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Gas-Ice Corp. v. Newbern

October 19, 1972

GAS-ICE CORPORATION, APPELLANT,
v.
NEWBERN, RESPONDENT



Appeal from Circuit Court, Multnomah County. Patrick E. Dooley, Judge.

Kenneth M. Novack, Portland, argued the cause for appellant. With him on the briefs were Rives, Bonyhadi & Hall and Bruce M. Hall, Portland.

Nels Peterson, Portland, argued the cause for respondent. With him on the brief were Jack H. Cairns, Portland, and Peterson, Chaivoe & Peterson, Portland.

Tongue, Justice. O'Connell, Chief Justice, and McAllister, Denecke, Holman and Howell, Justices.

Tongue

This is a suit by a corporation against its former president, both individually and as the executor of the estate of his deceased wife, alleging that he violated his fiduciary duty by making profits and receiving other benefits in various transactions with the corporation, and demanding an accounting. Plaintiff appeals from those portions of the decree which denied most, but not all, of such relief.

Plaintiff contends that the trial court erred as follows: (1) In not determining that the so-called "Phillips contract" was acquired by defendant and sold to plaintiff in breach of his fiduciary duty; (2) In not determining that the so-called "tank farm" was acquired by defendant and leased to plaintiff in breach of that duty; (3) In not cancelling the so-called "Seattle lease" by plaintiff of a warehouse owned by defendant and ordering the return of allegedly excessive rentals received by defendant; and (4) In not determining that defendant is liable to plaintiff for the cash value of two life insurance policies allegedly "expropriated" by him.

The plaintiff corporation is a Washington corporation in which the majority of the outstanding stock was formerly owned by the family of defendant,

who was its former president and the principal developer of its business. After the sale of defendant's stock to a newly formed holding corporation this suit was filed by the plaintiff corporation alleging irregularities relating to transactions which took place during the years while Mr. Newbern was its president. The trial judge found in favor of defendant with respect to the transactions involved in these assignments of error upon the grounds, among others, that under the facts and circumstances of this case there was no breach of fiduciary duty and that most of such transactions were ratified by the board of trustees of the corporation.*fn1

This being a de novo appeal in a suit in equity we have reviewed the entire record, including over 2,300 pages of testimony and voluminous exhibits, and agree with the oral findings and the conclusions of the trial judge in denying the relief demanded by plaintiff on the first three of these assignments of error.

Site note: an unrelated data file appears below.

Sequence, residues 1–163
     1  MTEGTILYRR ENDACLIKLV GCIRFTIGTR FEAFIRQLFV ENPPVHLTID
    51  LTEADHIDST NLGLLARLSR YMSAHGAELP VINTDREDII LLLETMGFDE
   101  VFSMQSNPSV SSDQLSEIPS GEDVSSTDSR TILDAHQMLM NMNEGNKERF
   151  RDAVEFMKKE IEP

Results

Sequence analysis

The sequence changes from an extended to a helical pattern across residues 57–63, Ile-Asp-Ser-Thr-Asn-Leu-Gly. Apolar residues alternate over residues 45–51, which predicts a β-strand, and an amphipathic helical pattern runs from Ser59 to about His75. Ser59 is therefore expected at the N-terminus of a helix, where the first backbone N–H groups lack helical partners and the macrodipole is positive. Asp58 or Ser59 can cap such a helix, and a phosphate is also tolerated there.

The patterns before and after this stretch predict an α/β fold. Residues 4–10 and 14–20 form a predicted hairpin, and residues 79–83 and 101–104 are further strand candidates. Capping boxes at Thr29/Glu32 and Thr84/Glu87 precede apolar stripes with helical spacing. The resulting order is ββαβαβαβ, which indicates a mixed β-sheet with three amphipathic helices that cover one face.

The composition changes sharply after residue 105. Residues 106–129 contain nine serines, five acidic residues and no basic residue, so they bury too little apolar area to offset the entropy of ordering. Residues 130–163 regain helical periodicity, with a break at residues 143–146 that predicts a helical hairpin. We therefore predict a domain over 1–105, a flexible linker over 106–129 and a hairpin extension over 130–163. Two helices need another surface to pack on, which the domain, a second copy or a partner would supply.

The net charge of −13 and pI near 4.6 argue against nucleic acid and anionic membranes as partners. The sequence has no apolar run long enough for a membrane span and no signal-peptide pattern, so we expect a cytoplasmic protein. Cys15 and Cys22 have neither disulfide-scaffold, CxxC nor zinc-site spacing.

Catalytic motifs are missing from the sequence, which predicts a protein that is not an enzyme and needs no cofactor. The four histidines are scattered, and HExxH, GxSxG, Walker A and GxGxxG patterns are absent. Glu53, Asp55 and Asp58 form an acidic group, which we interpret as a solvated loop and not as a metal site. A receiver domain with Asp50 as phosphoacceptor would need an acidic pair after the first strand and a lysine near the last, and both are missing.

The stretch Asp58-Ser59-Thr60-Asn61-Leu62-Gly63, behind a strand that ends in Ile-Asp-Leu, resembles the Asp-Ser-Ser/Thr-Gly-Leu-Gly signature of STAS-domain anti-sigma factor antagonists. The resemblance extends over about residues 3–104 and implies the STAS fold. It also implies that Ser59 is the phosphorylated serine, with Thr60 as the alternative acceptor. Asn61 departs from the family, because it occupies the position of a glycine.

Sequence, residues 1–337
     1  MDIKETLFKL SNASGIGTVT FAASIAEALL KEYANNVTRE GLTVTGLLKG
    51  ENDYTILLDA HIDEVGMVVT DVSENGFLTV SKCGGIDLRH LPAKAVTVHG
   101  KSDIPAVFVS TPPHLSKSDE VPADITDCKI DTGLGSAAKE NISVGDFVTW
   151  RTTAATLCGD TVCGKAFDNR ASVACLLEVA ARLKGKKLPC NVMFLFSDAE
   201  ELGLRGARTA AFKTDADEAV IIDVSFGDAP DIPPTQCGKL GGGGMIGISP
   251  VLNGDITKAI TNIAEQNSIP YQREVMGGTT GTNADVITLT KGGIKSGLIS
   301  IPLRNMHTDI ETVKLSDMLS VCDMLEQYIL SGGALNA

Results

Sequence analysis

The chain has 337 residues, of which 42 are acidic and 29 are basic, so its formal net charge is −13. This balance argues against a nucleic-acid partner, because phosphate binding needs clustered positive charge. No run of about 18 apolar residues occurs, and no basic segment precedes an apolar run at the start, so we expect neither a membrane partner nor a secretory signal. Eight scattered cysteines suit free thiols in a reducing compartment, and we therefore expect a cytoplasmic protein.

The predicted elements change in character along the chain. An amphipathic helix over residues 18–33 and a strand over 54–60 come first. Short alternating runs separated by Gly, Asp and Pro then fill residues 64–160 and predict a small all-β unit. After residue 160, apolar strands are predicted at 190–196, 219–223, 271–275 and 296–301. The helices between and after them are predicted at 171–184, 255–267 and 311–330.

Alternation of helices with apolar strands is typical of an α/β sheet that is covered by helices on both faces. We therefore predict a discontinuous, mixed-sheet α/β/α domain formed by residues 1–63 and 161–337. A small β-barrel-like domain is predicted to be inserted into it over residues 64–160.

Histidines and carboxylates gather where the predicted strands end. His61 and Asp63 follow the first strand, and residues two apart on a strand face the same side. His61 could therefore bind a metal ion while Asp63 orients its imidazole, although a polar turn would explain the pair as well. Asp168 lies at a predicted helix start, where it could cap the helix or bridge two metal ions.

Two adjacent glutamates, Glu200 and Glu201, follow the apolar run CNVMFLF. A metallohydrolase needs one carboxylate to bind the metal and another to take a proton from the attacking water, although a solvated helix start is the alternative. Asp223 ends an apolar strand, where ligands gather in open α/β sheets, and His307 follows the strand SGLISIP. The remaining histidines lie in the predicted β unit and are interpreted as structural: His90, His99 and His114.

The remaining assignment of error, however, is more difficult.

Facts, contentions and findings relating to insurance policies.

In 1938 the corporation issued bonds to raise needed capital funds. To make the purchase of these bonds more attractive, and out of concern over what might happen if Mr. Newbern should die, it was suggested that $50,000 in life insurance be taken out on

his life, naming the corporation as beneficiary. Two policies, each for $25,000, were then applied for by and issued to Mr. Newbern, and the first premiums were paid by him. These policies both provided that the beneficiary could be changed without notice to the designated beneficiary. In 1940 and 1942 these two policies were converted from term to straight life policies, but the beneficiary was not changed.

Most, if not all, of the remaining premiums on the policies, however, were paid by the corporation, totaling more than $50,000.*fn2 The corporation was not reimbursed by Mr. Newbern for these premium payments. The books of the corporation did not show these payments as business expense. Neither were these policies listed on its books as corporate assets, at least since 1955. There was evidence, however, that Mr. Newbern had given instructions not to do so. There was also evidence that for tax purposes the premium payments were reported as an asset purchase by the corporation. On the other hand, Mr. Newbern did not report these premium payments by the corporation as income to him.

In subsequent years these policies were borrowed upon by Mr. Newbern to provide funds for use by the corporation. They were also later assigned to the Small Business Administration ...


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